# The annotated map file (sort of)
# Created by Pericles S. Nacionales for the MapServer tutorial
# MapServer map file uses the pound sign (#) to denote the start of a line
# comment--each line that needs to be commented has to be prepended with a "#".
# Map files begin with MAP keyword to signify the start of the map object.
# Well, the entire map file is THE map object. Enclosed between MAP and END
# at the very bottom of this map file, are keyword/value pairs and other
EXTENT 201621.496941 -294488.285333 1425518.020722 498254.511514 # LAEA
#EXTENT -97.5 41.619778 -82.122902 49.38562 # Geographic
SIZE 400 300
IMAGECOLOR 255 255 255
# NAME pdf
# MIMETYPE "application/x-pdf"
# DRIVER cairo/pdf
# #FORMATOPTION "OUTPUT_TYPE=RASTER" # not mandatory but needed for WMS layer
# The web object is defined at the level below the map object. All
# web-related parameters (I interchange "parameters" and "keyword/value
# pairs" quite frequently, sorry about that) are defined in this object.
# The projection object is typically used within the map and the layer
# objects. You only define it once within the map object and this definition
# becomes your output projection--MapServer will render your maps in this
# projection. You also use the projection object within the layer object to
# define your input projection. Your layers can be in different
# projections--MapServer will reproject them into your output projection.
# If no projection is defined within the layer object, MapServer assumes
# your input projection is the same as your output projection. This is not
# a required object unless you're creating a map file that supports one of
# the OGC interoperability web services specifications (WMS/WFS/WCS).
# This is the output PROJECTION definition ------
# Projection parameters can be defined in two ways...
# This is the traditional Proj.4 definition of Lambert Azimuthal Equal-Area
# projection for the Continental U.S.
# Alternatively, you can specify an EPSG code.
# This is the EPSG code for Lambert Azimuthal Equal-Area
# projection for the U.S.
# Layer objects are defined beneath the map object. You need at least one
# layer defined in your map file before you can display a map... You can
# define as many layers as you'd like although a limit is typically hard-coded
# in map.h in the MapServer source. The default limit is set at 100. You'd
# have to have a very specialized application to need more than 100 layers in
# your application.
# Start of LAYER DEFINITIONS ---------------------------------------------
LAYER # States polygon layer begins here
# Here's an example of the input projection definition.
# EPSG:4326 is code for geographic (latlong) projection
# using the WGS84 datum.
# PROJECTION objects within the LAYER object define the input
# projection--this is the native projection of your data.
# CLASSITEM defines the non-spatial attribute that you will be using to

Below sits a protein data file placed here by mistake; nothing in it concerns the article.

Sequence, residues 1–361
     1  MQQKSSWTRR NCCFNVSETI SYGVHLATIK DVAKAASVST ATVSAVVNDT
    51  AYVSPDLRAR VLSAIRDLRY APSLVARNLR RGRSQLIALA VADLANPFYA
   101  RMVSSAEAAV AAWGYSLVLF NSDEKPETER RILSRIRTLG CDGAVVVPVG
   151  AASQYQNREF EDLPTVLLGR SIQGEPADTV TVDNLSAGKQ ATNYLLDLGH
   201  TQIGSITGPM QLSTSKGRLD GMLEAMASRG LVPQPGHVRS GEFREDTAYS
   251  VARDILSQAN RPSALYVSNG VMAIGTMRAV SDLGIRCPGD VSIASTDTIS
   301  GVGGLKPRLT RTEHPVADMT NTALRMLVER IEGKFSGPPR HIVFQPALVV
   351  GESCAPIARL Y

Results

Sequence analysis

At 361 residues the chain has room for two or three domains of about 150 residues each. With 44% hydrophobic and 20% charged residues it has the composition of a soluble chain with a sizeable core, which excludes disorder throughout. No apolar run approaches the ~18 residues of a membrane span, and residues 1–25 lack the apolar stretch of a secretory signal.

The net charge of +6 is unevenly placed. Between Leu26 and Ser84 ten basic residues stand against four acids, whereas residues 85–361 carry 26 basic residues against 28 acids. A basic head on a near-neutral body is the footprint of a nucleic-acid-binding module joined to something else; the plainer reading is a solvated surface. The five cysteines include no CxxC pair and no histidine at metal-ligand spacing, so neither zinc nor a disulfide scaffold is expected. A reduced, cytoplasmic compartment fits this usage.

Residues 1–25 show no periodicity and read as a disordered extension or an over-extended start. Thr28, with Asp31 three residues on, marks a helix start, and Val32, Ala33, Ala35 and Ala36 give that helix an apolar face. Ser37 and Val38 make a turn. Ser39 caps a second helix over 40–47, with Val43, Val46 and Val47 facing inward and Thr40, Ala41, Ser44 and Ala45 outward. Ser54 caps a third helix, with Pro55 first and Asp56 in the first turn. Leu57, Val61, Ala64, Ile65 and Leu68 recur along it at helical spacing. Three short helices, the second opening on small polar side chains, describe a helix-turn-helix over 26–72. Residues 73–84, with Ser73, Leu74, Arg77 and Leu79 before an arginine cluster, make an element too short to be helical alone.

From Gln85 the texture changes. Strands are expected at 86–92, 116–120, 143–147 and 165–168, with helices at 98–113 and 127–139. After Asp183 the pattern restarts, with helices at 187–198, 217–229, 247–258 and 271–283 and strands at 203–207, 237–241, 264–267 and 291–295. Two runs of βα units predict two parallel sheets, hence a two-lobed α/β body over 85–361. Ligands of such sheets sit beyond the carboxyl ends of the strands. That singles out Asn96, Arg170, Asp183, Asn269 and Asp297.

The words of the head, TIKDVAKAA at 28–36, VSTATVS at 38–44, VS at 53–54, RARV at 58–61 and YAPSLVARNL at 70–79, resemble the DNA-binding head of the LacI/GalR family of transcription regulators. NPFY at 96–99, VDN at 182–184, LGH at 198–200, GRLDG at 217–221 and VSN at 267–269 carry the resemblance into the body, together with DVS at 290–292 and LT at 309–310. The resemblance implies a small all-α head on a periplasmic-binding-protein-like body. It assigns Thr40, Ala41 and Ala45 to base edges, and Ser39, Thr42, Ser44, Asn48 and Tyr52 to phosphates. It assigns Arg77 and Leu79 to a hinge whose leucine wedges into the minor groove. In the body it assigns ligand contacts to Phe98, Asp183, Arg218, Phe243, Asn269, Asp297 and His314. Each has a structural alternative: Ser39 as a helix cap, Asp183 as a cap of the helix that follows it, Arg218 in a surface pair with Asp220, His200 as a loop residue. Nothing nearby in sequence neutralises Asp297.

# separate a layer into classes. This attribute will be in the DBF file
# of your shapefile (it will be different for each data format). In this
# example the shapefile states_ugl has an associated database
# (states_ugl.dbf) that contains an attribute called "CLASS". You will be
# using two values in the CLASS attribute to separate the classes (also
# called themes) used in this layer--land and water. CLASSITEM is used in
# association with the EXPRESSION parameter in the CLASS object. See below.
# The class object is defined within the layer object. You can define as
# many classes as you need but it is good cartographic practice to limit
# classes to 8 to 10 per layer. (There are also limits as with layers and
# it's senseless to define more than ten on a "normal" layer. There are
# situations, however, where you might have to do it.)
COLOR 232 232 232
END # States polygon layer ends here
# In addition to vector data (shapefiles are vector data), MapServer supports
# a host of raster formats. In GIS world, one of the most common raster
# formats is GeoTIFF, a TIFF image with geospatial headers. MapServer also
# supports JPEG, PNG, GIF, and other common formats. Other raster formats
# supported by MapServer include ESRI Arc/Info grid, HDF and HDF-EOS, NetCDF,
# Generic raster binaries, OGC Web Map Service (WMS) layers, etc. Pretty much
# any raster format you can think of is probably supported, thanks to the
# impressive Geospatial Data Abstraction Library (GDAL, pronounced "GOODALL"
# or GOODLE?). More information on GDAL is available at http://www.gdal.org.
# MapServer 4.x can read and display bitmapped (like GIFs), RGB/A (true
# color), and multispectral (images with more than 3 bands, like raw LandSat
# images) rasters.
LAYER # MODIS raster layer begins here
OFFSITE 71 74 65
END # MODIS raster layer ends here
LAYER # MODIS WMS map from JPL
OFFSITE 0 0 0
END # Modis WMS image ends here
LAYER # States line layer begins here
COLOR 32 32 32
END # States line layer ends here
LAYER # States label layer begins here
COLOR -1 -1 -1
COLOR 255 255 255
END # end of label
END # end of class
END # States label layer ends here
# End of LAYER DEFINITIONS -------------------------------
END # end of map file